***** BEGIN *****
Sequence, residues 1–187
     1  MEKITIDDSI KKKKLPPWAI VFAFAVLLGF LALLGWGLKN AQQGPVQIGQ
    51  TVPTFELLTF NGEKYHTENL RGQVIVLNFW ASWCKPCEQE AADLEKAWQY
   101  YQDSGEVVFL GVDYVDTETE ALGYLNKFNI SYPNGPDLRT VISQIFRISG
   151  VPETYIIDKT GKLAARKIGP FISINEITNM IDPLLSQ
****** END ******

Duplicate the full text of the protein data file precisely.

Sequence, residues 1–187
     1  MEKITIDDSI KKKKLPPWAI VFAFAVLLGF LALLGWGLKN AQQGPVQIGQ
    51  TVPTFELLTF NGEKYHTENL RGQVIVLNFW ASWCKPCEQE AADLEKAWQY
   101  YQDSGEVVFL GVDYVDTETE ALGYLNKFNI SYPNGPDLRT VISQIFRISG
   151  VPETYIIDKT GKLAARKIGP FISINEITNM IDPLLSQ